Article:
feel is crucial for us to talk about before the conference/meeting
 closes?

 They write their topics and post them, and I give them lots of time for
 this.  And then I finish with just exactly what I would tell any group
 before they set off to do their discussions.  And I ask them to go to
 the wall and sign their names on all the topics they would like to
 attend if they could bumblebee around, then to sit back down and join me
 in the circle.

 Then I make a change in the dynamics and let them know I am now changing
 back from the simulation to processing it.  And the first thing I ask
 them is to look at the wall.  Would they be stimulated by going to such
 a conference?  And aren't these much more diverse and exciting topics
 than any of us could have developed in all our good intentions in
 advance?  And so on.

 Then we talk about it, I bring up who they might have invited and who
 they could invite that would make it even better, they ask questions,
 and as the session closes I welcome them to pick up the article and
 information sheet by the door.

 - - -

 What I'm trying to do here is to give them a full-body understanding of
 the process, how they would feel, what it would stimulate, and so on.
 That's why the room is set up just like an OS, why I have them walk to
 the wall and sign their names on the topic sheets, etc.  Works pretty
 well in those short timeframes.

 The End by Lisa Heft.

 Warm greetings from rainy Berkeley, California USA, and Carla, I have
 heard that the Ketchup Song is coming to the States...and now you are
 going to have to explain that to the list...


one hour

 Date:         Fri, 14 Jun 2002 12:40:53 +1000
 From:         Fr Brian S Bainbridge <briansb@mira.net>
 Subject:      Re: How explain/demonstrate OS to Rotary, Kiwanis, Lions, etc.?

Broome, in Western Australia, is a long way from everywhere. Pretty much an

 outback town.
 Their Rotary Club meets weekly on Wednesdays at 0630 for one hour.
 I was known to be in town, and they asked me to yarn with them about "Open
 Space".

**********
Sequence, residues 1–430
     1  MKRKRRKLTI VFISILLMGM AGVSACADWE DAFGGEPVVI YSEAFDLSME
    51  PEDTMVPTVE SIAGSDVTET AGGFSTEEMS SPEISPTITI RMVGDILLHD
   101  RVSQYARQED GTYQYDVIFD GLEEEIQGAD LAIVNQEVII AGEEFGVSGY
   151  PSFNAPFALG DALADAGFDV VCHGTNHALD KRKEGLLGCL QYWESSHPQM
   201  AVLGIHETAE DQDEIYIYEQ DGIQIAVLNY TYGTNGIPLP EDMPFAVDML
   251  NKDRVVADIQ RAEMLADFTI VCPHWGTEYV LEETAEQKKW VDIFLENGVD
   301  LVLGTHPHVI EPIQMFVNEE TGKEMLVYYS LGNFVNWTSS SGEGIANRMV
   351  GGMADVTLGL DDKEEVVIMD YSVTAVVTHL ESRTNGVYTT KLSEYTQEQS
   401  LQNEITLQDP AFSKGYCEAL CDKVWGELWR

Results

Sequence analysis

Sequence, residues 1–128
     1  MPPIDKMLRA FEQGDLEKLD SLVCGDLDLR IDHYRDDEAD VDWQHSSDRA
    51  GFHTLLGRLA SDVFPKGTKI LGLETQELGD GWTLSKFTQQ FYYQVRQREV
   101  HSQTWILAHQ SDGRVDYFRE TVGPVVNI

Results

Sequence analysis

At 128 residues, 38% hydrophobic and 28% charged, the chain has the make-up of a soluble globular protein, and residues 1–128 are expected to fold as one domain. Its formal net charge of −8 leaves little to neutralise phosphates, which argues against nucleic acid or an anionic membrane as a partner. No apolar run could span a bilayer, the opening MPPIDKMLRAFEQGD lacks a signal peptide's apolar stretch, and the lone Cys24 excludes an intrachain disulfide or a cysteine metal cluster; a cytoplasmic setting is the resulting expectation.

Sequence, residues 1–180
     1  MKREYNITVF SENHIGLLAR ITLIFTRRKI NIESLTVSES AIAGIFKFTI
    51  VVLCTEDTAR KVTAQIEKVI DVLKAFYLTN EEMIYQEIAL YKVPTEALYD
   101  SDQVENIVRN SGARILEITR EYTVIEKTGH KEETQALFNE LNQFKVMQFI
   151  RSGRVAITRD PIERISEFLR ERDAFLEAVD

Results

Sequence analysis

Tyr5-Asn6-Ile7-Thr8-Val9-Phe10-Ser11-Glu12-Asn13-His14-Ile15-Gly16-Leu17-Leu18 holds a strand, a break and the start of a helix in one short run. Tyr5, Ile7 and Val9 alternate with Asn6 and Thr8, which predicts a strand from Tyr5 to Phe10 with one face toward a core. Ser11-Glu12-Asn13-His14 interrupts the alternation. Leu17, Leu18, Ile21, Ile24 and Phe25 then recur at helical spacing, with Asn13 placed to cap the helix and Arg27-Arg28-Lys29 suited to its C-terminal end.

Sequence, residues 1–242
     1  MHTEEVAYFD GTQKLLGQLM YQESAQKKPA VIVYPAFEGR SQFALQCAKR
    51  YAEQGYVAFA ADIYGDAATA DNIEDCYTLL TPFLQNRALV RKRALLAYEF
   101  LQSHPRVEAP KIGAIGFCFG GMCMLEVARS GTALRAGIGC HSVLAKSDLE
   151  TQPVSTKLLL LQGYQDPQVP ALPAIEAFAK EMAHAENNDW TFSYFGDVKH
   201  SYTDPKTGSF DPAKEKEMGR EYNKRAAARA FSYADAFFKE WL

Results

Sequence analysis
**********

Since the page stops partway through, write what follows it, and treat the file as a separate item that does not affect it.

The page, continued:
I didn't do that.
 But I did ask those assembled - maybe 20 persons - what matters they considered
 were seriously important in their community right now which they would like to
 chat about.
 The item that they thought most important was the impact of people arriving
 from other countries as refugees or whatever, and the pressure this was placing
 on their communities in North Western Australia.
 In a kind of circle, they explored that at great depth, seriously considered
 the ramifications, were attacked by a capital city person visitor who thought
 they were off the planet, and seriously enjoyed the opportunity to touch a
 matter that mattered and that they would never otherwise have raised in a
 Rotary Club meeting.  AND they ran overtime by more than half an hour.  That's
 what passion can do.  AND they asked that, when I return there, would I be sure
 to come and again open space for them.
 Arguably, they have had some slight experience of Open Space, have enjoyed the
 experience hugely, are positively disposed to anyone else who comes along and
 talks about same in other organisation settings, and learnt something about a
 topic which they would never otherwise have explored in that environment.
 A few days later, at the Saturday Market, the wives of several of those
 attending collared me and wanted to know how they could learn more about this
 remarkable activity.
 My two-penny-worth on this matter.
 Cheers and blessings,   BRIAN.